It should be apparent that using the above-identified structure, an OCO, which ordinarily generates significant amounts of heat energy, which heat requires significant amounts of electrical power to generate, is also often detrimental to the proper operation of other circuit components, can be directly mounted on to a circuit board that carries heat-sensitive components. When using the above-described OCO on a large circuit board, less electrical power is required than prior art OCOs to maintain the OCO's temperature, it takes less time for the OCO's temperature to stabilize, a separate, isolated OCO circuit board is unnecessary, thermal gradients in the OCO are reduced, and other temperature sensitive components are less significantly heated. While heat for the OCO can be isolated by the perforations, electrical signals can be carried into the OCO (10) and out away from the OCO by means of conductive traces that run between the perforations (12), as depicted in FIG. 1, including the use of discrete wires that bridge the perforations, if desired.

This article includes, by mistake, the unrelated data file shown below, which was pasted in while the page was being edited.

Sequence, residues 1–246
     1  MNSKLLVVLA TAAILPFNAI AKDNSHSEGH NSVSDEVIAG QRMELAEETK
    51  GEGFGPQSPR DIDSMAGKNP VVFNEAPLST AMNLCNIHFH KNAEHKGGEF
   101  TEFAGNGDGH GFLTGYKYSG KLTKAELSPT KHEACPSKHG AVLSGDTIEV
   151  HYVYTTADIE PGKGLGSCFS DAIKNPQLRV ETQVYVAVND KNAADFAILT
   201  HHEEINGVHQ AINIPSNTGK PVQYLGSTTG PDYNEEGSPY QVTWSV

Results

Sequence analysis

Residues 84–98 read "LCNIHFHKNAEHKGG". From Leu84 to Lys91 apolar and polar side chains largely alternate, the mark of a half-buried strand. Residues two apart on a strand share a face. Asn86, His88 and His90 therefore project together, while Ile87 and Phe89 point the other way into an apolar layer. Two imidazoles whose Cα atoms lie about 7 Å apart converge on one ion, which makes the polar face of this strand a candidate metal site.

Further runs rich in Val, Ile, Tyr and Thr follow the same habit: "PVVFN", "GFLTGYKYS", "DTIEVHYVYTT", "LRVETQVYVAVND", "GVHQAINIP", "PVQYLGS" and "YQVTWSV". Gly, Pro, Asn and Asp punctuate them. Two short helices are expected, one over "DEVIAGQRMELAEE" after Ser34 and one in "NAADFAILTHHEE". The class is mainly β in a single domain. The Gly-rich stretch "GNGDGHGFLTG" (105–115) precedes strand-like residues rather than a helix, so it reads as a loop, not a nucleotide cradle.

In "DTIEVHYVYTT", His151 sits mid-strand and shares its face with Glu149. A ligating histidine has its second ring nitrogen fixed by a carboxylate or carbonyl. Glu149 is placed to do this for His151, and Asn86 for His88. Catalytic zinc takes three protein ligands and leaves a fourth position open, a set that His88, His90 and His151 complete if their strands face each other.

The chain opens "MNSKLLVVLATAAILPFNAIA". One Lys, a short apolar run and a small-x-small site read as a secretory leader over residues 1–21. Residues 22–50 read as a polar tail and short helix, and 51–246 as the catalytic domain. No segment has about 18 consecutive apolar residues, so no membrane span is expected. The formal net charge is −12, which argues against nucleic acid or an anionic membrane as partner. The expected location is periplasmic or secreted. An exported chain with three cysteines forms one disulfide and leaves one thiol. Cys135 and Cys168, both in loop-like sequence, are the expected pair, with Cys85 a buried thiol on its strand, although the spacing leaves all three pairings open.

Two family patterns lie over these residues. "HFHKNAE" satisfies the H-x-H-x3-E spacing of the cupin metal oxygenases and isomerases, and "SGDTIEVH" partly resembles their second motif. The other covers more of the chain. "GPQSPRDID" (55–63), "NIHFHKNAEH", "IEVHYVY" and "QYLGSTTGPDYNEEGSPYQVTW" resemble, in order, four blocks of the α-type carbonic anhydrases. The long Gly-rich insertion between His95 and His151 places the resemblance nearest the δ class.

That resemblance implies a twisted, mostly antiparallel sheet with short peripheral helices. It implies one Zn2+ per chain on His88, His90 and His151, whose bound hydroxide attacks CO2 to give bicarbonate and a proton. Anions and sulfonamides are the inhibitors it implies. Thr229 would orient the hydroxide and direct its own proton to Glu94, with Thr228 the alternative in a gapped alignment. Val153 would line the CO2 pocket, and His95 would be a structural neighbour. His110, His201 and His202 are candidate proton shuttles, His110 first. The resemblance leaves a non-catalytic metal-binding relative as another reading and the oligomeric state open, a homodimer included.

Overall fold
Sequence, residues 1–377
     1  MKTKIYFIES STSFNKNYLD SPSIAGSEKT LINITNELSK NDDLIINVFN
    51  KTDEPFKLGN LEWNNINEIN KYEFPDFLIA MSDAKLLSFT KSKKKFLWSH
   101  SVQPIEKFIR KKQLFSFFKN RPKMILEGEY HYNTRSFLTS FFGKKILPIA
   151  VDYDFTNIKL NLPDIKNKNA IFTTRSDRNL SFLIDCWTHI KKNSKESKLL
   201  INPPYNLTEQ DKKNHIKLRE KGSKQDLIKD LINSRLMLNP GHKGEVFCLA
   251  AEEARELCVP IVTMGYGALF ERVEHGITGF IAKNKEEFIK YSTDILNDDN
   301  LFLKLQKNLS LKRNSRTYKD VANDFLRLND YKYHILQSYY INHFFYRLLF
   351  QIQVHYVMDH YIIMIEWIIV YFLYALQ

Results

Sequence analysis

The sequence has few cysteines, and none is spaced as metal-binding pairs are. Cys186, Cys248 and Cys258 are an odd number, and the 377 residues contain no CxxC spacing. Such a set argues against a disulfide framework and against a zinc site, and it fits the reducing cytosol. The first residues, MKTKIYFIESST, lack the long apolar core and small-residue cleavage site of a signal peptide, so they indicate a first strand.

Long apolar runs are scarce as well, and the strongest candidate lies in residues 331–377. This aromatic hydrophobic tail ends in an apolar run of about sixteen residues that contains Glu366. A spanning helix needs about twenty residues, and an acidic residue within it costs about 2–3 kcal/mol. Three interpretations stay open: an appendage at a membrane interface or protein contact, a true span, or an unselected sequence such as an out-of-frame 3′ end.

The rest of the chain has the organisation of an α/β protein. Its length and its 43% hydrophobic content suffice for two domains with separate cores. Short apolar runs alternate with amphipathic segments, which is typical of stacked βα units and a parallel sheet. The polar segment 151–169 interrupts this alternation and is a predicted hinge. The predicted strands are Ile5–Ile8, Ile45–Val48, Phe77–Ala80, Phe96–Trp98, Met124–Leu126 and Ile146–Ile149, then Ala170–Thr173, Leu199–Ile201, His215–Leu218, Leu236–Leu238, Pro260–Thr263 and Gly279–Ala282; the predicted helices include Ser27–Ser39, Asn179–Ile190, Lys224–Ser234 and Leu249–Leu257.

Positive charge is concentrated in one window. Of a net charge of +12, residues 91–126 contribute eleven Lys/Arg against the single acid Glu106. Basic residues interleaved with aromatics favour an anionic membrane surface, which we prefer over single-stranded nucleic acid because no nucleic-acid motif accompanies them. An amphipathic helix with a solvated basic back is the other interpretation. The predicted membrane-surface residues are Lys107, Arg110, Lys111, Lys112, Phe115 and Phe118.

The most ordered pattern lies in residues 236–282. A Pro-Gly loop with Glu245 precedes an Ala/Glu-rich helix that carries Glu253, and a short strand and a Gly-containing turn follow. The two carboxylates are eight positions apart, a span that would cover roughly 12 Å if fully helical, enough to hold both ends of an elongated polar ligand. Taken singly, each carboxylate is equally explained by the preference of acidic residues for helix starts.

Patent Citations
Cited PatentFiling datePublication dateApplicantTitle
US4157466 *Jul 31, 1978Jun 5, 1979Herrin James RCrystal oven for maintaining crystals at a predetermined temperature
US4719384 *Sep 22, 1986Jan 12, 1988Centre National De La Recherche ScientifiqueMiniature thermostatted oscillator
US4985687 *Feb 27, 1990Jan 15, 1991Ppa Industries, Inc.Low power temperature-controlled frequency-stabilized oscillator
US5039878 *Nov 9, 1989Aug 13, 1991U.S. Philips CorporationTemperature sensing circuit
Referenced by
Citing PatentFiling datePublication dateApplicantTitle
US5659270 *May 16, 1996Aug 19, 1997Motorola, Inc.Apparatus and method for a temperature-controlled frequency source using a programmable IC
US5917272 *Jun 11, 1998Jun 29, 1999Vectron, Inc.Oven-heated crystal resonator and oscillator assembly
US6362700 *Sep 26, 2000Mar 26, 2002Cts CorporationTemperature controlled compensated oscillator
US6559728Dec 19, 2001May 6, 2003Cts CorporationMiniature ovenized crystal oscillator
US6606009Dec 20, 2001Aug 12, 2003Schlumberger Technology CorporationSelf-compensating ovenized clock adapted for wellbore applications
US6880970Jun 3, 2003Apr 19, 2005Sun Microsystems, Inc.Method and apparatus for isolating an ambient air temperature sensor
US6998587Dec 18, 2003Feb 14, 2006Intel CorporationApparatus and method for heating micro-components mounted on a substrate
US7113051Jan 7, 2004Sep 26, 2006Schlumberger Technology CorporationFrequency characterization of quartz crystals
US7603205Aug 22, 2007Oct 13, 2009Brilliant Telecommmunications, Inc.Apparatus and method for thermal stabilization of PCB-mounted electronic components within an enclosed housing